A person is deemed a refugee when he or she has fled their own country because of a ‘well-founded fear of being persecuted for reasons of race, religion, nationality, membership of a particular social group or political opinion’. The refugee crisis is a global problem, with an estimated 65.3 million people displaced worldwide; 21.3 million of these being refugees.

On a macro level, the true innovative response is to focus on how nations address the underlying reasons that are causing people to flee their home countries. On an immediate and pragmatic level this is an issue of international and domestic geopolitics, far beyond our control. It will take a considerable amount of time and resources to change the mind-set of those societies so damaged by strife that their citizens are forced to seek refuge elsewhere.

Given therefore that refugee crises are, effectively, a permanent feature of life, on a micro level we must look at innovative solutions enabling refugees to be integrated into those communities to which they have fled. By doing so, we help them and their families achieve a happy, settled and productive life. This benefits them and their host communities. A number of organisations are rising to the challenge of creating sustainable, long-term solutions to support refugees in this way. The Twenty Mile Club have spotlighted 3 such company initiatives that are aiding refugees that are in crisis.

The Twenty Mile Club Top 3

1. RefuAid 

Over 60,000 refugees are living in Greece in unacceptable living conditions, whether that be in warehouses or camps. The daily humiliation of living like caged chickens, in temperatures that can be baking in summer and often falling below freezing in winter, with no idea of when they will be free to live a normal life and have the most basic health services, is both terrifying and debilitating.Basic housing is one of the most important needs and RefuAid are supporting sustainable local partners providing housing in Greece, bringing safety and a semblance of normality and safety to refugees. RefuAid’s housing project demonstrates that is can be far more cost effective over time to house refugees rather than to keep them in refugee camps. Once refugees are integrated into their host community, self-reliance invariably follows, bringing full social and economic benefits to Greece.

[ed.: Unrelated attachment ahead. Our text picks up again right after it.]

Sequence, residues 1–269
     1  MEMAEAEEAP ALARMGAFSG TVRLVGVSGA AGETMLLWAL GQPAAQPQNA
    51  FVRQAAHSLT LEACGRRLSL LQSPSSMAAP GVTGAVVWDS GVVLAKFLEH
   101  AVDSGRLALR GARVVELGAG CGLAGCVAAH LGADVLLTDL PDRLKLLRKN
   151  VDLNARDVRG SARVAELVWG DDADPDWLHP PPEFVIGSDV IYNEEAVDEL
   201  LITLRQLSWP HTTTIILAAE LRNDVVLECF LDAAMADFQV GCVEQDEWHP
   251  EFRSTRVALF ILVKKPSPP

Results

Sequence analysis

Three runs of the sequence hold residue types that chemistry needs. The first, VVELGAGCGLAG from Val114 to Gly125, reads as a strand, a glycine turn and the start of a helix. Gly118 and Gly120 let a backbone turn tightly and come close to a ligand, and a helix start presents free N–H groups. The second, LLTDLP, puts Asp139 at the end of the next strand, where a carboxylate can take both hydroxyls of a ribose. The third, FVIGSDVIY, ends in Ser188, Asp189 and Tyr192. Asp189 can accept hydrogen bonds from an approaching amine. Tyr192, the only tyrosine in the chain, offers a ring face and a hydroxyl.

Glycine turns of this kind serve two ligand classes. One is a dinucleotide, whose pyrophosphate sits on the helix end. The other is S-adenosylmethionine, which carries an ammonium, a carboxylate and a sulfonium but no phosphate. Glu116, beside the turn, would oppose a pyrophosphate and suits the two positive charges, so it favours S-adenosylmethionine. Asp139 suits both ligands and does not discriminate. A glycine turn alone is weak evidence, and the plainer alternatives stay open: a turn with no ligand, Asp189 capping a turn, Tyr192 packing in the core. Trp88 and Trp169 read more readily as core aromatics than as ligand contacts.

2. GeeCycle.org

Geecycle’s mission is to recycle the many millions of discarded smartphones to refugees as they are upgraded by users. Mobile internet access is incredibly important in enabling refugees to be connected to the rest of the world, enabling them to scout out places to stay, routes to follow and to stay in contact with their friends and family in similar situations to themselves. Traveling with smartphones within Syria has been very dangerous, as government and Islamic State checkpoints often destroy devices during searches. Geecycle.org was established during the TechFugees Hack in London, by a team who saw that delivering smartphones to the most vulnerable groups of refugees helped them stay safer on their journey and then enabled more rapid integration for them into their new societies. This work continues today.

3. ReDi School of Digital Integration

ReDi School of Digital Integration is a Berlin based non-profit organisation that teaches refugees basic digital skills and coding. The idea came about when co-founder, Anne Kjær Riechert, was talking with a refugee, in a home in Germany, who shared his passion for IT with her. Anne was aware that there were over 50,000 unfilled IT jobs in Germany and saw that teaching refugees to code would give them valuable skillsets, better prospects and a means in which they could give back to the German community. The school provides many training courses in computer programming, digital entrepreneurship, business intelligence and user interface design and has had hundreds of refugees pass through their programs. Many of them have gone on to set up businesses, fill IT jobs and join advanced IT based university courses.


Refugees living in crisis crave the simple normality of a family life, living as an integral and integrated part of their host state communities, whilst still observing their own traditions. Some attitudes towards refugees may need to change and efforts must be made to recognise and remember why refugees fled in the first place. These are people that have fled war zones, corrupt governments and were scared for their lives. They have so much they want to give back, and they do. Successful and positive initiatives such as those supported by The Twenty Mile Club encourage that process of integration, thereby directly benefitting the refugees and the host communities.